Syria’s unique ancient treasures are another victim of the escalating conflict. With no regard for their historical significance for the country and the world, museums are being plundered, works of art sold off and ancient, Byzantine and medieval archaeological sites shelled and stripped of their treasures. Andreas Kilb reports
In the second century BC, Apamea on the bank of the Orontes River was a major Mediterranean metropolis. The Seleucid King Antiochus set up camp here with his army and 500 war elephants before crossing the Euphrates in the spring to battle with the invading Parthians from the Asian steppes.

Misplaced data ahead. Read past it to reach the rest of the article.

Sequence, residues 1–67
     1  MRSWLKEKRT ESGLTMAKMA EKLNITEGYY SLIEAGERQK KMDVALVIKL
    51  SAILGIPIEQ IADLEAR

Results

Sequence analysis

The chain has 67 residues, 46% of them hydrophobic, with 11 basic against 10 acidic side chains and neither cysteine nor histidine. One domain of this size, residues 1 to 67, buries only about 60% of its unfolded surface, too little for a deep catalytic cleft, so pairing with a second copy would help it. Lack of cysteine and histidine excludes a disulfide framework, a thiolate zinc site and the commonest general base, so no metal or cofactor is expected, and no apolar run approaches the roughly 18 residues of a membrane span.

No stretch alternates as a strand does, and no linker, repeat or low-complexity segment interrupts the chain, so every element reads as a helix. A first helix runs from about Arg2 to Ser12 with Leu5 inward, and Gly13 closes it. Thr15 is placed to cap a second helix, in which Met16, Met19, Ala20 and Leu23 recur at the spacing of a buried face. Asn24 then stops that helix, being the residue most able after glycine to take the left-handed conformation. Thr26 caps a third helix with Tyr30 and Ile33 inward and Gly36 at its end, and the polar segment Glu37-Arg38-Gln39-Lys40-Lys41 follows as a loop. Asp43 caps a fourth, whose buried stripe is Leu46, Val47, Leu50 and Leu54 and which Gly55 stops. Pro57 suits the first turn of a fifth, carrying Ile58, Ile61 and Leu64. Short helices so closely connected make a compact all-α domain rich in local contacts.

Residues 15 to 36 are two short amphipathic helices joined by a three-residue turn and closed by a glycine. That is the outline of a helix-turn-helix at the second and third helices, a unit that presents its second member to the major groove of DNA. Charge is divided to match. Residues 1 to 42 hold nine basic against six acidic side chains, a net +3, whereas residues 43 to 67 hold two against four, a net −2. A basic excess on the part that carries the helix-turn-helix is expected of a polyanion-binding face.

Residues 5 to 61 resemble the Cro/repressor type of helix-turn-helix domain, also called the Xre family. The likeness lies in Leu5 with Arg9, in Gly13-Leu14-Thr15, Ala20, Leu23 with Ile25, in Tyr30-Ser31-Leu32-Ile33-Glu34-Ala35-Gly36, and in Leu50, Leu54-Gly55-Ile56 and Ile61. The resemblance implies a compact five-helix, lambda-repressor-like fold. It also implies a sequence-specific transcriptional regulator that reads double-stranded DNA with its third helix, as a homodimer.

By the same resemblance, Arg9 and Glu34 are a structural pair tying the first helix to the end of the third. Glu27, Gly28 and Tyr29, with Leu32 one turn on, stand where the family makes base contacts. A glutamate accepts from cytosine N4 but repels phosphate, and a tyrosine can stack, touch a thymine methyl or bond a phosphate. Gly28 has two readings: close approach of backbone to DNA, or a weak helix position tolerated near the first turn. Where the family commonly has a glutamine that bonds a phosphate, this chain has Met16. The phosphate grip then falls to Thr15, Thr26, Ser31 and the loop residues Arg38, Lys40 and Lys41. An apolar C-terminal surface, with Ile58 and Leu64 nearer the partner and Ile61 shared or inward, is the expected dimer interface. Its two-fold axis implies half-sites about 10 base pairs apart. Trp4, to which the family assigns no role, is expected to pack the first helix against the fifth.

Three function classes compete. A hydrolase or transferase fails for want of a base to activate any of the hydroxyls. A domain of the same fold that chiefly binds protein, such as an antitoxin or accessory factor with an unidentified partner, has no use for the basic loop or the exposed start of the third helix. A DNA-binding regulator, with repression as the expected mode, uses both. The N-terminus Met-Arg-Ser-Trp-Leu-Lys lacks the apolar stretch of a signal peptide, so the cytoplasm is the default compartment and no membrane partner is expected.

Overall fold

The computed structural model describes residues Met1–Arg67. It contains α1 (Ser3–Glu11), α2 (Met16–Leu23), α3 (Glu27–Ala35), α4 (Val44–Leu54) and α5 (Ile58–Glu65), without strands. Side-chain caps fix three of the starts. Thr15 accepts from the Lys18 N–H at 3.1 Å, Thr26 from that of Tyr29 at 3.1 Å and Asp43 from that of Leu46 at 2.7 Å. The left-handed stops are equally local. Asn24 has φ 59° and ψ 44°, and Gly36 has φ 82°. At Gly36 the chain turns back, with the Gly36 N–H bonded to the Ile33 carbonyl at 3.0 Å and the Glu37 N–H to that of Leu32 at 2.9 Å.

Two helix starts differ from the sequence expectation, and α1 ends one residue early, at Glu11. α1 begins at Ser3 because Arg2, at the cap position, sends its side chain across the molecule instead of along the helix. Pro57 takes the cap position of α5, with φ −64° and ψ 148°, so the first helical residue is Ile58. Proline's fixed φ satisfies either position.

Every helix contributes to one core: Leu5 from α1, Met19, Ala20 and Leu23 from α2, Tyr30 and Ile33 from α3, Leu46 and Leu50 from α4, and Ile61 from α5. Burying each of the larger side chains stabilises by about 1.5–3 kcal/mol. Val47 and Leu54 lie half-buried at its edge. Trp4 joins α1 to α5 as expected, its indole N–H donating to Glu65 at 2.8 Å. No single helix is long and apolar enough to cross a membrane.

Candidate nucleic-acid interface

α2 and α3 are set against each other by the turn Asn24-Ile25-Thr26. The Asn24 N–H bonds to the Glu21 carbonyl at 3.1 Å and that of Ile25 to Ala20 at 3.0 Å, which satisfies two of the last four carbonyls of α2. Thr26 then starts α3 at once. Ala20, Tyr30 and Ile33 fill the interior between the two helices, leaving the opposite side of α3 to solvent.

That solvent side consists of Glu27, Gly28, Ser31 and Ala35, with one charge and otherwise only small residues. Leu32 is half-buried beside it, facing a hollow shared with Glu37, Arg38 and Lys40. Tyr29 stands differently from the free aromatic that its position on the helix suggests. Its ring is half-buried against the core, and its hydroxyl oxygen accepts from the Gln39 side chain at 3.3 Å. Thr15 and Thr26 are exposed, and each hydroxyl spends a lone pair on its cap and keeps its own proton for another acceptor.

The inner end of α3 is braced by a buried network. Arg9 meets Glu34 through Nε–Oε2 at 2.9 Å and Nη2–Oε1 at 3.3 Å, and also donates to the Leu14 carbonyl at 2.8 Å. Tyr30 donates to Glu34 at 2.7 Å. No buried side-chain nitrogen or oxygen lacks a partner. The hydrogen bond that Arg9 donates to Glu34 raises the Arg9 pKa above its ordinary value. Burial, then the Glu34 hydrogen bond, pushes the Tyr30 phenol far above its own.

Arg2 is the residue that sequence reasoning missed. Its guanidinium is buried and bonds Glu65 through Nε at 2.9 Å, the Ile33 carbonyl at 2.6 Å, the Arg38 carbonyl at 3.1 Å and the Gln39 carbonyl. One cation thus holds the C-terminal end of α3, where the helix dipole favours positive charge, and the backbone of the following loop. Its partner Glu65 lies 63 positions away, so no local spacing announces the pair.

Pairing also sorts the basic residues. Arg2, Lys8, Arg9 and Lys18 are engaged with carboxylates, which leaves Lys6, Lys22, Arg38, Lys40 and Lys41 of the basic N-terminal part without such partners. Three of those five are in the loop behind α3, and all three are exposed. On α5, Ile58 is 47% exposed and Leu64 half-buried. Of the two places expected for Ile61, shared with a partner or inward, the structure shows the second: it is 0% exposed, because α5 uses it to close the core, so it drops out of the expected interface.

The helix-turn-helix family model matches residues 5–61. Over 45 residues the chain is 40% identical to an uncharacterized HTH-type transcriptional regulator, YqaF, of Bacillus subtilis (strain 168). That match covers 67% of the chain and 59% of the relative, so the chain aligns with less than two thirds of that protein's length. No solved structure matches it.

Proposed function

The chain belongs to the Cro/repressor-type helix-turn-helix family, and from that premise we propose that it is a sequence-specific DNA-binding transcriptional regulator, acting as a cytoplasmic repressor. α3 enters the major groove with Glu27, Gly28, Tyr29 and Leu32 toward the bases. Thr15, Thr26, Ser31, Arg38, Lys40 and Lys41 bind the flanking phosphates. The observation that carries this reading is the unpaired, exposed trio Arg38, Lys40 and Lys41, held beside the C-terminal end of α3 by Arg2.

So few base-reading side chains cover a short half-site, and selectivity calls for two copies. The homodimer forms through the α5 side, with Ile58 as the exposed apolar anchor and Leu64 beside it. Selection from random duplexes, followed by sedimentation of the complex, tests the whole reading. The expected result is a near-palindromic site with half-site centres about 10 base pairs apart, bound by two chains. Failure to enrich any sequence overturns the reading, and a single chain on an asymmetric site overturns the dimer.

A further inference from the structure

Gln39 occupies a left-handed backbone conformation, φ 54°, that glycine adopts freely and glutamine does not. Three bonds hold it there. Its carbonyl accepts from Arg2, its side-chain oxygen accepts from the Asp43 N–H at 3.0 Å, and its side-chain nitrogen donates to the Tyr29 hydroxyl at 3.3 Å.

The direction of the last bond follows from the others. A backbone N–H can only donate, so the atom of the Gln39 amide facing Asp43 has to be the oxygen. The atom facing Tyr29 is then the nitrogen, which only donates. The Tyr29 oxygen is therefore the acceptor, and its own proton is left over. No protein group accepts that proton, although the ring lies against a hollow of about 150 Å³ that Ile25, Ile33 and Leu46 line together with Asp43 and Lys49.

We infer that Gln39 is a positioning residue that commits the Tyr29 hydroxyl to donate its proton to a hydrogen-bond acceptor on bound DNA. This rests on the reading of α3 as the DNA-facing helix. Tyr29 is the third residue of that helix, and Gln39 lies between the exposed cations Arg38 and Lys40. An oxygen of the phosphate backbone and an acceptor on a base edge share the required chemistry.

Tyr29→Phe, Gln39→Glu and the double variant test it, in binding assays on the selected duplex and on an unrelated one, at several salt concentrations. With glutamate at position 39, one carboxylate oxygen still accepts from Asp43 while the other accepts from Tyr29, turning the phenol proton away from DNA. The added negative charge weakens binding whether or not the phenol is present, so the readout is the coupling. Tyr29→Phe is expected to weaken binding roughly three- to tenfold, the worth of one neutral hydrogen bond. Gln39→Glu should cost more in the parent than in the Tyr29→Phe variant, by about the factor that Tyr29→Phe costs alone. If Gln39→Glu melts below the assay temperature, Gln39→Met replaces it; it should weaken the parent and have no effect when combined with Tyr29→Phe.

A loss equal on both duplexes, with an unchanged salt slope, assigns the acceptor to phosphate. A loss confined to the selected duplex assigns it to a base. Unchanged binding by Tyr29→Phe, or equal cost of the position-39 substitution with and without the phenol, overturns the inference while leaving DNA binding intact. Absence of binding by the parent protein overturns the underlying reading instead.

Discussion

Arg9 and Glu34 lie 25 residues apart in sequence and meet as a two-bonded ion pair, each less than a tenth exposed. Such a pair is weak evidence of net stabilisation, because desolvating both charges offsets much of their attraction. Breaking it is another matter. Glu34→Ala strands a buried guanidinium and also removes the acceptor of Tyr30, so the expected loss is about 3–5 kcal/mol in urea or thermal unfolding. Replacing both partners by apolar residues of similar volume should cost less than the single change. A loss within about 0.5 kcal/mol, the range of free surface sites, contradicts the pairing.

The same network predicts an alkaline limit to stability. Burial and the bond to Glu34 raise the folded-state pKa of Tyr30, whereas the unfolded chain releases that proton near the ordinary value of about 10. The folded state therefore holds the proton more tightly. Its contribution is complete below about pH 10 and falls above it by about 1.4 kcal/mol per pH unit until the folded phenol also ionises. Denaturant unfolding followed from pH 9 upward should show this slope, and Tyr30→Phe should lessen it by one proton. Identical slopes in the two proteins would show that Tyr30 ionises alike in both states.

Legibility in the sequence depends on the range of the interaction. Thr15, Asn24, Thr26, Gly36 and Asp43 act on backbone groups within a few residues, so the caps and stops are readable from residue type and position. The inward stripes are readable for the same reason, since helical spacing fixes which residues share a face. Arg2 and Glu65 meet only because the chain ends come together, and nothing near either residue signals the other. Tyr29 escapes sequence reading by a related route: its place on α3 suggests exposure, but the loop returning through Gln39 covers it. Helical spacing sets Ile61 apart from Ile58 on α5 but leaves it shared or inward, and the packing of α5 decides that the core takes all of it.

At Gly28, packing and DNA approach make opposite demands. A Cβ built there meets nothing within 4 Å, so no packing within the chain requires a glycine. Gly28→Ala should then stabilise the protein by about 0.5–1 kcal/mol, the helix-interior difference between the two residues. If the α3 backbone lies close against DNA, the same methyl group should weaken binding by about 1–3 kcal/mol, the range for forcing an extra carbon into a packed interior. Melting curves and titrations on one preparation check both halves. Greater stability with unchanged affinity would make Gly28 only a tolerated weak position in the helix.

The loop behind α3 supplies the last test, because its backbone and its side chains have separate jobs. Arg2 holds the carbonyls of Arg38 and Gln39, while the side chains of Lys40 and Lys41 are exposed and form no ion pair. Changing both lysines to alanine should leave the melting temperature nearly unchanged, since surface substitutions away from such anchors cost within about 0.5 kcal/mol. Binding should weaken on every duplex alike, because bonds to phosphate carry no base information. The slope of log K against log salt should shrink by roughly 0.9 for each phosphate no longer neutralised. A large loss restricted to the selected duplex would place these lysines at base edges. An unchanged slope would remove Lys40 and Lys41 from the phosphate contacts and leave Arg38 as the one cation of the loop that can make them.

Around the time of the birth of Christ, the city and its surrounding lands boasted a population of a half a million. A century later, after a devastating earthquake, thermal baths were built and a 2-kilometre-long, 40-metre-wide thoroughfare lined on both sides by twenty-metre-high columns was constructed from the north to the south of the city. In the twelfth century, Crusaders and Arab emirs fought over Apamea.